You can find the sketch in File->Examples->ArdionoISP->ArduinoISP

Once that opens up, go to tools->Boards and select your UNO

Upload the sketch to it as you normally would.

Once that's done, your UNO has transformed into a programmer for the Attiny.

Go ahead and plug in the shield you've made in the previous steps, being careful to connect the correct pins and putting the Attiny in the right way!

Now on to actually uploading a program to the Attiny!

Step 6: Programming the Attiny

Open up the IDE again (hit File and click New) and go to Tools->Boards

If you scroll down, there you will find that you can now select the Attiny25/45/85 as a board.

Go ahead and select the Attiny25/45/85 option and now go back to Tools and in "Processor:" select which ever Attiny you intend to use.

But that's not all.

You also need to change the "Programmer" option to: Arduino as ISP (not ArduinoISP, be careful)

Now once that's done, you should be able to upload your code to the Attiny the same way as you would a regular Arduino.

Step 7: Additional Tips

If you want to change the clock speed of the Attiny, you can do so by clicking Tools->Internal X MHz and then clicking on Burn bootloader, while your Attiny is plugged into the UNO.

This will tell the Attiny to switch the clock speed to the speed you selected. (If you put in a delay of 1s and the actual delay is way shorter or way longer than that, you should probably try switching the clock speed)

Also when you'll want to take the Attiny out of the programmer, I recommend using some tweezers or something small and flat, so you can slip it under the Attiny and lift all the left and right side at the same time. That way you won't bend the pins when lifting it up.

BTW, this Instructable is entered into the PCB Contest, so if you liked this Instructable, consider giving it your vote.

1 Person Made This Project!


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8 Discussions


3 years ago

If you can, use ZIF sockets (search "universal ZIF socket"). I use them on a home baked board that stacks onto a UNO, and also have one plugged into my breadboard. Saves the pins on the chips from too much stress through pushing/pulling them out of the DIP socket. Lost a couple of chips through having the legs finally give up after several visits back and forth to the programmer. They come in various sizes, so can easily make a board that will take a range of chip sizes.

On the breadboard they are great for any DIP/DIPP/DIL chip. Used them with OpAmps, shift registers, motor drivers..the works.


3 years ago

Thank you for this, it might be useful some time.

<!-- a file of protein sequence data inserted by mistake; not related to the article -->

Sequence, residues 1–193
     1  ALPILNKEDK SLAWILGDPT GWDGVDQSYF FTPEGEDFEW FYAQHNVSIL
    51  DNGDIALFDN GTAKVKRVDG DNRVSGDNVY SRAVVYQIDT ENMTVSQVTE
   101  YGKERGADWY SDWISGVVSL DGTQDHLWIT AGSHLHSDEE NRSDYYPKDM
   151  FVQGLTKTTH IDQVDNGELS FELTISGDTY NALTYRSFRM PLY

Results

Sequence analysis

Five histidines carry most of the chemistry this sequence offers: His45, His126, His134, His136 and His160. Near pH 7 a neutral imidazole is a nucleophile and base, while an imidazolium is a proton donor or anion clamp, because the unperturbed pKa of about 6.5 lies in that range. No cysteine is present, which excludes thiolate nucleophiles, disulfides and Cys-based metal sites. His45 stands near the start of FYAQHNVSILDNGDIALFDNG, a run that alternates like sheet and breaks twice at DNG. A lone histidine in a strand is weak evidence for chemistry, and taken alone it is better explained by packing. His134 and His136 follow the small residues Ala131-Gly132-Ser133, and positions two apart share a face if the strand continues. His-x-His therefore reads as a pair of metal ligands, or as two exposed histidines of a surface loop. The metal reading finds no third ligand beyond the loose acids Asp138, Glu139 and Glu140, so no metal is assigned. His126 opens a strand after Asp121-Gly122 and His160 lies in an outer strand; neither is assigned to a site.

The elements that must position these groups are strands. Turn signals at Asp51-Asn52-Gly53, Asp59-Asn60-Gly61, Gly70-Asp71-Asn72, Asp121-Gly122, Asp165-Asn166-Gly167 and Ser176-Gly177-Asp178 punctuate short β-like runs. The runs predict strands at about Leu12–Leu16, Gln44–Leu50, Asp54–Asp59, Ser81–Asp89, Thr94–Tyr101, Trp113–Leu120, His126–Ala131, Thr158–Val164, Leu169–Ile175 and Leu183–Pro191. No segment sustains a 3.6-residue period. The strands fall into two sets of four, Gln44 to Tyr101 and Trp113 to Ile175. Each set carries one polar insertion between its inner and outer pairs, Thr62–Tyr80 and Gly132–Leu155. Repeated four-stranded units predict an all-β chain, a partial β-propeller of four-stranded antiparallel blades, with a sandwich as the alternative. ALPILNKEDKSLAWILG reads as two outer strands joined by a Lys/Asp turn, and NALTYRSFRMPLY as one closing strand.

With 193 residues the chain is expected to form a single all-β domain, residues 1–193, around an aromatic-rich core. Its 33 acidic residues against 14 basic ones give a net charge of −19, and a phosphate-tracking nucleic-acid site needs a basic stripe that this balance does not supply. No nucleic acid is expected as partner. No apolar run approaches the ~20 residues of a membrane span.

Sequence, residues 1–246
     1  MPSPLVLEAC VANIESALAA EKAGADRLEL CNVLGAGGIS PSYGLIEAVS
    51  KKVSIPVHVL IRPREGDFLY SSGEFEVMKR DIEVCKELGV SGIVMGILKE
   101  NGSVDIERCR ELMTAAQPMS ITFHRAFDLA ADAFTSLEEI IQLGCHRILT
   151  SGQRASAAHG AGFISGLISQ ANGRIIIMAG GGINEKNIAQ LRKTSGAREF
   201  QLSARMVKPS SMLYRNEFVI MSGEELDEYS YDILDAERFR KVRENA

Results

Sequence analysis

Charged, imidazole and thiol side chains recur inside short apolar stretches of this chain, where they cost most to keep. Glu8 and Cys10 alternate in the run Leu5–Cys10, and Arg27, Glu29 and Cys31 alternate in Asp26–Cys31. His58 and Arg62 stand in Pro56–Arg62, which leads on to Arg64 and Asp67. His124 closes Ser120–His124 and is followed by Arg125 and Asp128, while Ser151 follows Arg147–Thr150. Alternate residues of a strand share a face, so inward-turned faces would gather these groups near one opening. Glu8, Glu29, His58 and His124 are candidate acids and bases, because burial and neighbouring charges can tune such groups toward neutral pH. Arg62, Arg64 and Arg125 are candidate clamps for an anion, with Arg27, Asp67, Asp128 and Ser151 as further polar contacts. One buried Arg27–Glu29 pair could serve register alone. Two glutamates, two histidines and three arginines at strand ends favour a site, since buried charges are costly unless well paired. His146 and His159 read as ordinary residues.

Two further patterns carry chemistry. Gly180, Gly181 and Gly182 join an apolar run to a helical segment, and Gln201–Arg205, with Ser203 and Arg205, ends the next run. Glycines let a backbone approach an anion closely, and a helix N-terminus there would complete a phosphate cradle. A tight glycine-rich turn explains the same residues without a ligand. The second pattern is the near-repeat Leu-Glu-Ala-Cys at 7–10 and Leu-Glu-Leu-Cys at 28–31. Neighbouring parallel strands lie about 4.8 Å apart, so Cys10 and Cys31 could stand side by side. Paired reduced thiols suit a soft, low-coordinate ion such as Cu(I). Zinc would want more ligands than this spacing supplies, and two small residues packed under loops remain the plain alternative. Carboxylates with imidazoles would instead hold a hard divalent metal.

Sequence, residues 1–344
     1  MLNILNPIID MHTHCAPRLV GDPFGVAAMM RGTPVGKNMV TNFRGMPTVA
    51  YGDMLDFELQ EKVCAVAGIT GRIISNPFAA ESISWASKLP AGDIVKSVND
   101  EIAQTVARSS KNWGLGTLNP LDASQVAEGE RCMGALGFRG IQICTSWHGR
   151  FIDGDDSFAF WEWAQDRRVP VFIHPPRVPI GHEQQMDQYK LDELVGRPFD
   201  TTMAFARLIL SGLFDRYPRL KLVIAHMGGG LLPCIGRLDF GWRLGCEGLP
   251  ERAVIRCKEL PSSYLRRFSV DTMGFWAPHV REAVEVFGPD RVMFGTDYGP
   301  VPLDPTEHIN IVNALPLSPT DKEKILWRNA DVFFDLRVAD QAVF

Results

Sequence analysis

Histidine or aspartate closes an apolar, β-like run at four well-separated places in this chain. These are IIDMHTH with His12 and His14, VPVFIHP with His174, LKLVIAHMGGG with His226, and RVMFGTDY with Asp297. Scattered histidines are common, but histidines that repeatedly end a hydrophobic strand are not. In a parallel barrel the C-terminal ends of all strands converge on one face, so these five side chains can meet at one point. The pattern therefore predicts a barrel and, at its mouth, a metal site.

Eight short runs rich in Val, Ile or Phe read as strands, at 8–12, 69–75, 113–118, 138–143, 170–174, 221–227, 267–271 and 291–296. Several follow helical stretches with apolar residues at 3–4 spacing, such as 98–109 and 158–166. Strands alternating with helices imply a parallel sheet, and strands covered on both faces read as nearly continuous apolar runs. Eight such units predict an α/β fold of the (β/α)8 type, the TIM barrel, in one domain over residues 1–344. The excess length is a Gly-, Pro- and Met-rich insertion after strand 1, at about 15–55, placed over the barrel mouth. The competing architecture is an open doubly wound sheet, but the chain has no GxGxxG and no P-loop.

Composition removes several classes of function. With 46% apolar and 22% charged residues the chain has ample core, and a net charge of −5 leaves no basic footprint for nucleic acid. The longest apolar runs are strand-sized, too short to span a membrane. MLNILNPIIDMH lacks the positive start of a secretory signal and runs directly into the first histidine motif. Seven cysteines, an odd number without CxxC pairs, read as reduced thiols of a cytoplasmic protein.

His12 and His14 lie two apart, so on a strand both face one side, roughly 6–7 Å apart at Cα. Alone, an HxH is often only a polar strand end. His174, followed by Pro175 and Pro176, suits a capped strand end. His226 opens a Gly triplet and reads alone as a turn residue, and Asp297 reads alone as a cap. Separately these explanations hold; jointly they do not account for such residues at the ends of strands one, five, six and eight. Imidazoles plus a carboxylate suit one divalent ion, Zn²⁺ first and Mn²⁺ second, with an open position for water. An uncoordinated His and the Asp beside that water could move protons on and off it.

Now, you can use the USBASP thing (around $2) to do the same, but, with all the other components required, it's not going to be smaller than a Nano-clone (around $2, with a lot more functions and a lot more usable pins) because the Nano is SMD, so the argument "size sometimes matter" is not very valid until you go SMD (where the ATTiny can hide in the USB plug itself). The through-hole version of the ATTiny is not very interesting for makers anyway, the ATMega8-16PU has become cheaper and a lot more powerful, while not being that much bigger with the other necessary components (6 pin ISP, the power supply, the reset button...).


Reply 3 years ago

Even tough there are other solutions, ATtiny chips still do have their charm.
Affordable, compact, wide powering options, potentially very low power consumption, have good community behind, are both reasonably compact and quite simple for uninexperienced DIYers. So if you need something that uses just couple of pins and lasts for years off battery, ATtiny is still way to go.


Reply 3 years ago

I agree... mostly.
There are ways to get that off an ATMega8, and it has become cheaper than an ATTiny (now, we're talking a few cents out of a couple of quids...). The ATMega8 too has a "deep sleep" function that will make its consumption near nought (to the point where a 3V battery would deplete more by itself than by the consumption of the chip), it has the Arduino community behind it (although the community tends to shift to the ATMega328...) and the same In-System Programming interface (same family). For its environment, both chips have pretty much the same requirements in terms of current regulation and external components.
Now, where I am interested with the ATTiny is when you're using I2C or SPI and everything else is already wired (with no ISP). I get that the ATTiny makes a nice sensor or actuator, and I have already a few applications for that in the near future, wired to the GPIOs of an ESP8266 (again, around $2). But for the sake of required space, price and consumption, the arguments don't quite stand against the ATMega8 (unless you play "deadbugs")


Reply 3 years ago

Are you sure about pricing?
According to Microchip MEGA8-16PU costs 2.41 per piece, ATTINY85-20PU is 1.20
Never mind, ebay offers mega for .99 and tiny for 1.11 :)
Though mega won't come in DIP8 package, if size does matter.


3 years ago

I was searching for the right tutorial for this! Thank you!


Reply 3 years ago

Have a look at Hightech Lowtech (MIT tutorial) for some basic stuff nicely explained and also Nick Gammon's site ( where he goes into some depth on Atmel programming and some useful articles on sleeping and pinchange interrupts using the ATtiny85.

When you order some, be aware of the two versions in DIP-8 packages. One has a wider supply range and the other operates up to 20-MHz.

A useful little chip for timing projects and a lot more versatile than messing about with CMOS timers etc.


3 years ago

85s are great little chips for projects. Cheap, run on 3V, and small. Just a great tool overall.